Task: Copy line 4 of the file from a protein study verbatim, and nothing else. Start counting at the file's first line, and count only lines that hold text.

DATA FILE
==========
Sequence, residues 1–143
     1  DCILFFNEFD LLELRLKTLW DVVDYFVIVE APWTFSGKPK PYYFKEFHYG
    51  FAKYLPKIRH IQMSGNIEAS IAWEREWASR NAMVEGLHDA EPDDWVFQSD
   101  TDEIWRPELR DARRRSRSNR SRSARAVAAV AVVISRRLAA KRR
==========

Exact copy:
   101  TDEIWRPELR DARRRSRSNR SRSARAVAAV AVVISRRLAA KRR